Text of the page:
The government has come up with more stringent measures in the fight against Female genital Mutilation (FGM).
Key on the agenda is revision of the eradication of FGM Policy to align it with current realities, developments and the Constitution.
The Ministry of Public Service and Gender has also developed focused interventions to address FGM in key sectors such as health, education, security, access to justice and public information while emphasising participation as human rights approach to empowering girls and women.
Cabinet Secretary Prof Margaret Kobia said her ministry has also developed nine programmes of action which aim at helping the government eradicate the vice by 2022.
Prof Kobia said the programmes include promoting education and community dialogues, enforcement of FGM laws, engaging boys and men, girls and women and entrenching FGM content in schools among others.
Other programmes include strengthening capacity building, addressing cross-border FGM, addressing FGM in emergencies and humanitarian situation and women empowerment.
"County anti-FGM steering committees chaired by County commissioners have been established and will be responsible for providing county-specific strategic policy direction, mobilising resources for FGM prevention and response besides being part of an integral part of the Inter-Governmental County Gender Sector Working Group," she said.
The CS, who spoke in Baringo County last week during a meeting with cultural, religious and the region's administration leaders at the Kenya School of Government in Kabarnet, added that the government is committed to end FGM in the next two years.
She noted that progress has already been made to end this harmful practice in the region which has among the highest FGM prevalence in the country.
Prof Kobia revealed that the government has created a coordination framework for the implementation of anti-FGM initiatives to involve those subjected to and those at risk of FGM, law enforcers, religious leaders, traditional justice systems in communities still practicing the outlawed rite and other stakeholders involved in anti-FGM advocacy at the national and county levels.
During the launch of the National Policy on Abandonment of Female Genital Mutilation in November 2019, cultural and religious leaders and elders from 22 FGM hotspot counties pledged to partner with the government towards eradicating the outlawed practice.
They made a strong commitment to ensure the vice is a thing of the past, and that girls are provided with safe spaces and environment to thrive and develop without the fear of undergoing the cut.
Josephat Murangiri, the Secretary-General of Njuri Ncheke in Meru who read the elders' declaration said they are committed to see the vice completely eradicated in the next three years.
"We appreciate the government's efforts to end FGM through creating and implementing progressive policies, legislative frameworks and programmes towards its eradication," said Mr Murangiri.
As part of their anti-FGM efforts, the elders committed to work with both the national and county governments and other stakeholders in creating awareness within their communities on the need to promote education and the wellbeing of the girl child.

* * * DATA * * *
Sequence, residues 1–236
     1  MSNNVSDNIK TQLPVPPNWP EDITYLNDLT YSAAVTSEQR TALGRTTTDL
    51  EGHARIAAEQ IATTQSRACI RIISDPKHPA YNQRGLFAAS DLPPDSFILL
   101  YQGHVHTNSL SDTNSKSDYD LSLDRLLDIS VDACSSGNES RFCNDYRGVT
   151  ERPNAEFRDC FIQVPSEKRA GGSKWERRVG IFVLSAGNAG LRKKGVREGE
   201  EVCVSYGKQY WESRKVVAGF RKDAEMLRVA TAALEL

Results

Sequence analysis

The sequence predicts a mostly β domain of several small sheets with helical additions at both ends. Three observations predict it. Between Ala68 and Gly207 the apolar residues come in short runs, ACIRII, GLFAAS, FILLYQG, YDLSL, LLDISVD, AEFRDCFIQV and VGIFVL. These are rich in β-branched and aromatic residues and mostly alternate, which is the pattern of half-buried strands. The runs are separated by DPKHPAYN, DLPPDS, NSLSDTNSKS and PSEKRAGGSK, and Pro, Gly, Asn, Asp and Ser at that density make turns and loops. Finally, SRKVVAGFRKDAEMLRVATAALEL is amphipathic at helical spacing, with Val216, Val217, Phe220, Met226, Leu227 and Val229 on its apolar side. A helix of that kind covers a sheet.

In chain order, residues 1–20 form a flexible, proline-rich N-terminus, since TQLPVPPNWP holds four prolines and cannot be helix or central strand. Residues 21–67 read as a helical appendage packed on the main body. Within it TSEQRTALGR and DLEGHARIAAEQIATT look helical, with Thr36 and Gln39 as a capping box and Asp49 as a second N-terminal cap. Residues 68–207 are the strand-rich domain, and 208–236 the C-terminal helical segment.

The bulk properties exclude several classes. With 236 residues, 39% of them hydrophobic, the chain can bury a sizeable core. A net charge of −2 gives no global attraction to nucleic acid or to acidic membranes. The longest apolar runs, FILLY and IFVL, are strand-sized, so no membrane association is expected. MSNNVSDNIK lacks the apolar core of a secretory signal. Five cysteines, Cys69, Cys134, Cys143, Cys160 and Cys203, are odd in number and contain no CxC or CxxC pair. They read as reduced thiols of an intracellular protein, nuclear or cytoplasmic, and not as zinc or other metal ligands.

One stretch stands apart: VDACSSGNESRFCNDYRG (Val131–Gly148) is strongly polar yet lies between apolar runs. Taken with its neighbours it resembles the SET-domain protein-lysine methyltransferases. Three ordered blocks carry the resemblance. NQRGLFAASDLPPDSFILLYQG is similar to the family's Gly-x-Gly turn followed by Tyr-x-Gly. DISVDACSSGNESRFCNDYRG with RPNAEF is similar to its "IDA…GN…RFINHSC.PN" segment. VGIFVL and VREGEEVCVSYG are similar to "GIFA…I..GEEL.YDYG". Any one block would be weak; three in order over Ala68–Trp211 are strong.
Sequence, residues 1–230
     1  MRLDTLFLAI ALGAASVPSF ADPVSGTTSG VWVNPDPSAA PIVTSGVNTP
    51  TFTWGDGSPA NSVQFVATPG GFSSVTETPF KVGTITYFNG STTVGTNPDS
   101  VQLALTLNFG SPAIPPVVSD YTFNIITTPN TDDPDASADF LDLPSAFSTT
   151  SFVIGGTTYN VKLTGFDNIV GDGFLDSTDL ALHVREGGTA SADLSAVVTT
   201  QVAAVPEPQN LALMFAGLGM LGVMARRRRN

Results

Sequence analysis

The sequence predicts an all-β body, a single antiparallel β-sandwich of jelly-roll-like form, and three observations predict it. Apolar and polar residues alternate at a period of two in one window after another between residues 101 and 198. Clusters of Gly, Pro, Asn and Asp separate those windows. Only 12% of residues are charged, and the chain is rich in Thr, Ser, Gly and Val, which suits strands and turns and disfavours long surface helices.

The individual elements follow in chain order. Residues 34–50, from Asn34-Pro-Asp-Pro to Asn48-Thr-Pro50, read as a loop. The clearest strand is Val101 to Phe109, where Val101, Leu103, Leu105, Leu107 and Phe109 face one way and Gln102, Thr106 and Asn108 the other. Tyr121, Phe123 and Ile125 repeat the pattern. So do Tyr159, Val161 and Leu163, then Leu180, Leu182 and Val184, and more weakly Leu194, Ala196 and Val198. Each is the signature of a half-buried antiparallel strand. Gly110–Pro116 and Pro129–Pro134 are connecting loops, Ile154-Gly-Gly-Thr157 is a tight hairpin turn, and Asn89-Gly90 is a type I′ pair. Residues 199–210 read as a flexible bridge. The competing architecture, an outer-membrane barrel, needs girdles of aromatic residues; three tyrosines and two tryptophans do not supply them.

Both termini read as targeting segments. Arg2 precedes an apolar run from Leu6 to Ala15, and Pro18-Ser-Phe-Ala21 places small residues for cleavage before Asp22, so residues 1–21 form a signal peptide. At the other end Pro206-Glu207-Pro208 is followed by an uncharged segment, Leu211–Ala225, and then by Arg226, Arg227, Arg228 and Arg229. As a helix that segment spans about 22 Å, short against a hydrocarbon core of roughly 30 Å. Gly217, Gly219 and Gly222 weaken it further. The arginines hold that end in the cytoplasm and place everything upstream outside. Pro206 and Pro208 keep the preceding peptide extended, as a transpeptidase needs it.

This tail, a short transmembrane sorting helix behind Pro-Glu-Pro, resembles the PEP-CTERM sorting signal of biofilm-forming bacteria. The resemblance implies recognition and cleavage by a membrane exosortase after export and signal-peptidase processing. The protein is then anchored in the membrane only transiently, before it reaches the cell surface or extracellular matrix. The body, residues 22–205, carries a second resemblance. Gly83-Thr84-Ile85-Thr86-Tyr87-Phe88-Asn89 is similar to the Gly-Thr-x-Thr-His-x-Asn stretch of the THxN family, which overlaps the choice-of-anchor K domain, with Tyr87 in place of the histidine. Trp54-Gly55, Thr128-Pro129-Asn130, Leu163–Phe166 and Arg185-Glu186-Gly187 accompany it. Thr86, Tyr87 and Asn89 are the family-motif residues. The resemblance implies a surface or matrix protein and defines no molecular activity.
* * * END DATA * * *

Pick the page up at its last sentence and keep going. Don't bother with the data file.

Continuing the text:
President Uhuru Kenyatta while launching the national policy, described the rite as an archaic cultural practice that assaults the wellbeing of individuals and society, and pitched for its complete eradication.
"FGM is a retrogressive practice whose continued existence in our country in actual fact assaults our individual and our national consciousness. The practice is inimical to our shared fundamental values as enshrined in our very own constitution that we as Kenyans passed," the President said.
He called on Kenyans to shun destructive practices like FGM and embrace progressive cultural activities that bestow honour and dignity on women and girls.
To ensure a multi-sectoral approach to win war against the outlawed practice, the government has established collaboration and partnership with the county governments, Parliament, the justice system, non-State actors including civil society, community-based organisations, the private sector, development partners, opinion leaders and communities,
The Anti-FGM Board has also been strengthened to provide leadership in the implementation, monitoring, evaluation and reporting on the policy and ensure that the dignity of girls and women is upheld and safeguarded.
According to United Nations Children's Fund (Unicef), about four million girls and women have undergone FGM. Overall, 21 per cent of girls and women aged 15 to 49 years have been subjected to the outlawed practice.
Most FGM the Unicef says, is performed by traditional practitioners, except in the Kisii community, where health personnel are responsible for two in three cases.
Girls and women from rural areas, those living in poor households and with less education, or those from the Muslim community, are more likely to have undergone FGM
Most FGM occurs during adolescence, with substantial variations in age at cutting across ethnic groups: The majority of cases occur before age 10 among the Somali, while in other groups, the practice is mainly performed at age 10 or later
FGM vary from 98 per cent in the North Eastern region to one per cent in the Western region.
28 Too Many, an anti-FGM organisation created in 2010 to end FGM in the 28 African countries, says overall prevalence of FGM in Kenya among women aged 15 to 49 has decreased from 27.1 per cent in 2008-2009 to 21 per cent in 2014.
The North Eastern region has the highest prevalence, at 97.5 per cent of women aged 15 to 49, and the Western region has the lowest, at 0.8 per cent.
Among the counties which are FGM hotspots include Samburu, Kisii, Nyamira, Narok, Kajiado, West-Pokot, Elegeyo-Marakwet, Baringo, Isiolo, Tana-River, Tharaka-Nithi, Taita-Taveta, Kwale, Wajir, Mandera and Garissa among others.